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March 1, 2014

PDQ Opens New Institutional Desk

ATS Says the buyside is less concerned about speed of execution and fraction-of-a-penny savings on a trade and more about trade size and toxicity.

By John D'Antona Jr.

PDQ ATS is looking to get into the institutional trading business and has started an institutional equities group to get the buyside's business and its bigger trades. And it has hired two new ex-exchange pros to help get the new venture going.

PDQ has always been a sellside destination, focusing more on the retail order flow. Now it wants to get the buyside's orders in via the brokers or directly to be part of the firm's call auction model, PDQ chief executive Keith Ross told Traders in an interview. [IMGCAp(1)]

"We want to go directly buyside and allow them to participate in our safe liquidity pool," Ross said. "We can aggregate all types of contra liquidity, HFT and the naturals, and create a market of committed liquidity an order can be traded against."

Keith Ross, PDQ CEO

As Ross and PDQ see it, the buyside is less concerned about speed of execution and fraction-of-a-penny savings on a trade and more about trade size and toxicity, something the venue offers through the aggregation of liquidity.

PDQ ATS is powered by an algorithm hosting facility and response mechanism that is designed to emulate the interaction and dynamism of traditional floor brokers, while retaining the anonymity and confidentiality of a dark pool. It also offers clients an auction model for executions, where orders are held up to 20 milliseconds to create an auction book. Then order responses are prioritized on a price-time basis. Then, after 20 milliseconds, the trade is executed against the new auction book.

It's the 20-millisecond auction model that Ross and PDQ are heavily advertising to the buyside. As Ross tells it, that 20-millisecond pause while the order book is being built mitigates the "hit-and-run" speedy trading tactics of the high-frequency traders by making them commit their orders first.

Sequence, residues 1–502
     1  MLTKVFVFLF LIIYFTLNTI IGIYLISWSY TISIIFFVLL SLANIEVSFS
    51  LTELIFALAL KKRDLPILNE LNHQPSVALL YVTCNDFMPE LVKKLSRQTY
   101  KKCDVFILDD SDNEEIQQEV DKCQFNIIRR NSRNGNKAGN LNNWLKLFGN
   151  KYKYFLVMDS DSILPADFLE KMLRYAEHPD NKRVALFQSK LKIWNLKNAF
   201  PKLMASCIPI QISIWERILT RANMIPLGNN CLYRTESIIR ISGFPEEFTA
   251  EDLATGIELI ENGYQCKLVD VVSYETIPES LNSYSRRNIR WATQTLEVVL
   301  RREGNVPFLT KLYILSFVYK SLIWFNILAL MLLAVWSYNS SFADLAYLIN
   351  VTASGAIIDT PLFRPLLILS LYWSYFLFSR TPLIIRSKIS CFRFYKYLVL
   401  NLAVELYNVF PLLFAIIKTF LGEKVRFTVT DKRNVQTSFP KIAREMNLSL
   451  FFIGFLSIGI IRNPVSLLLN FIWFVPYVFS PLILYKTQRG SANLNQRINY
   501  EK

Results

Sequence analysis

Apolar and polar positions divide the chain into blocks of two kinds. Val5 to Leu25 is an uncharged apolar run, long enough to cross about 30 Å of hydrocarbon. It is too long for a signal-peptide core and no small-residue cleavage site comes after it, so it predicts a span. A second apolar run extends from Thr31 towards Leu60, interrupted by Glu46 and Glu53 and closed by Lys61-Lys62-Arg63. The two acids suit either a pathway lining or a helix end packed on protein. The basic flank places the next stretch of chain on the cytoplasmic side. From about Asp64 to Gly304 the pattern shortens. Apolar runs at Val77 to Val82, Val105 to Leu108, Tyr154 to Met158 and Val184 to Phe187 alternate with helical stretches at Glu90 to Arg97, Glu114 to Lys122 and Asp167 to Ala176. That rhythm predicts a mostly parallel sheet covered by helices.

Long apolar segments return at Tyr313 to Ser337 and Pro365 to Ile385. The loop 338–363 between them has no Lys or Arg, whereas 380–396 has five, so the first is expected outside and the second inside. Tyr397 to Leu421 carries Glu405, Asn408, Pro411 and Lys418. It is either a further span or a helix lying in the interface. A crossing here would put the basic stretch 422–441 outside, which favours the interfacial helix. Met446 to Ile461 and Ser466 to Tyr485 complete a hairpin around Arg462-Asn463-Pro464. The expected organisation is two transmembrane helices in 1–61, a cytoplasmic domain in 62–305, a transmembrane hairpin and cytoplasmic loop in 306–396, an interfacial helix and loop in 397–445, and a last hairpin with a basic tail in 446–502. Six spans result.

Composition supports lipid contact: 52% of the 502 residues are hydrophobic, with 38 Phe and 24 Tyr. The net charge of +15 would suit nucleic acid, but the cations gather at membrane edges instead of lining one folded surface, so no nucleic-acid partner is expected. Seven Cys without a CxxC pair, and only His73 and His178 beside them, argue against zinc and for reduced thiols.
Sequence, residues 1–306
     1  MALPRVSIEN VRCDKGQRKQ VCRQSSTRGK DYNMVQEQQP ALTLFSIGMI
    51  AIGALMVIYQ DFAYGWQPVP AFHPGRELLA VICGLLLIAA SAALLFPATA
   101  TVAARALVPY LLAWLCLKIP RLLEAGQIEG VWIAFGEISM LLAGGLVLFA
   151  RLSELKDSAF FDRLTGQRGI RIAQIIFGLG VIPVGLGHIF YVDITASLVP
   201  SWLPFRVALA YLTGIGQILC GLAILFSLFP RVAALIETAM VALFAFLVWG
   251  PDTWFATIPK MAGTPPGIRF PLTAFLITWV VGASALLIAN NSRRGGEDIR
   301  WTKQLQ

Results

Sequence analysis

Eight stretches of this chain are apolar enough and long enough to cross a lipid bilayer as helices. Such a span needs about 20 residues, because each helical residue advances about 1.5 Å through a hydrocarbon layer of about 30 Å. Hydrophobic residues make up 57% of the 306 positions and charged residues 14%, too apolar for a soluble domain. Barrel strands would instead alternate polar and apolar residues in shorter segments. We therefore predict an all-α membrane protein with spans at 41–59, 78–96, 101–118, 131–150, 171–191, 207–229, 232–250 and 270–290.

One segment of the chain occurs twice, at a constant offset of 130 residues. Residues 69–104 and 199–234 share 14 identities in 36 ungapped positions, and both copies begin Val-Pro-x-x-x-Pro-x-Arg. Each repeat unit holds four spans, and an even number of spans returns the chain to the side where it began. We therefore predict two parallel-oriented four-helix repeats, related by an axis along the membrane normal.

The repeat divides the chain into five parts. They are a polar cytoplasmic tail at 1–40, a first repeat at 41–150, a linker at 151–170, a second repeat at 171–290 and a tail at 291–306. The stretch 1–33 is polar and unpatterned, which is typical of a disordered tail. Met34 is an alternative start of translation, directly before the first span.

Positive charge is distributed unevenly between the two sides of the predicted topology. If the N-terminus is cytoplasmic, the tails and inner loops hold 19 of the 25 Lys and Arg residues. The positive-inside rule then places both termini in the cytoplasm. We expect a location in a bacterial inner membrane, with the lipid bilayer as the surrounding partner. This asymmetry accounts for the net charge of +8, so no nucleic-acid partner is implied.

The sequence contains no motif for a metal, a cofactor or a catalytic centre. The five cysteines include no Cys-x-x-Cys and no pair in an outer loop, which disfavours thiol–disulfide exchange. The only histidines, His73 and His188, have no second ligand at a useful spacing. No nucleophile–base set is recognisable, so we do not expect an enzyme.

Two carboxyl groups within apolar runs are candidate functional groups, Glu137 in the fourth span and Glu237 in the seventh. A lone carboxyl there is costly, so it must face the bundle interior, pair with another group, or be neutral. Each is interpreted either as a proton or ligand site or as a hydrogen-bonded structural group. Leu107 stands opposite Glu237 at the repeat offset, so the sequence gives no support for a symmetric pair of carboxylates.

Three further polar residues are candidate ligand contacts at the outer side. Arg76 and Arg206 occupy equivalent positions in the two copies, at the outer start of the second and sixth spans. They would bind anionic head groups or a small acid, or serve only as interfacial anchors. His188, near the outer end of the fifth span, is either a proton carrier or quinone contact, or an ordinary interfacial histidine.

"We'll be able to build liquidity during the pause," Ross said, "as it mitigates the speed race for the HFTs and places the emphasis on size improvement."

As part of the ATS's drive to bring in more buysiders and execute more blocks, it has brought on two former senior New York Stock Exchange execs to help build a client book. Peter Jenkins and James Ross joined as part of the firm's push into the institutional equities business.

Jenkins joined PDQ from AX Trading Group, where he served on the board of directors and as president, overseeing business development and institutional sales. Jenkins, a veteran with 30 years of financial experience, also ran NYSE Euronext's institutional relationship management effort and served on the management committee.

James Ross, a 25-year veteran, also came from AX ATS, where he most recently served as chief operating officer. Prior to that, he was CEO of an enterprise equity crossing business called MatchPoint Trading, which was acquired by NYSE Euronext to replace its legacy equity crossing facilities.

Both Jenkins and James Ross report to chief executive Keith Ross.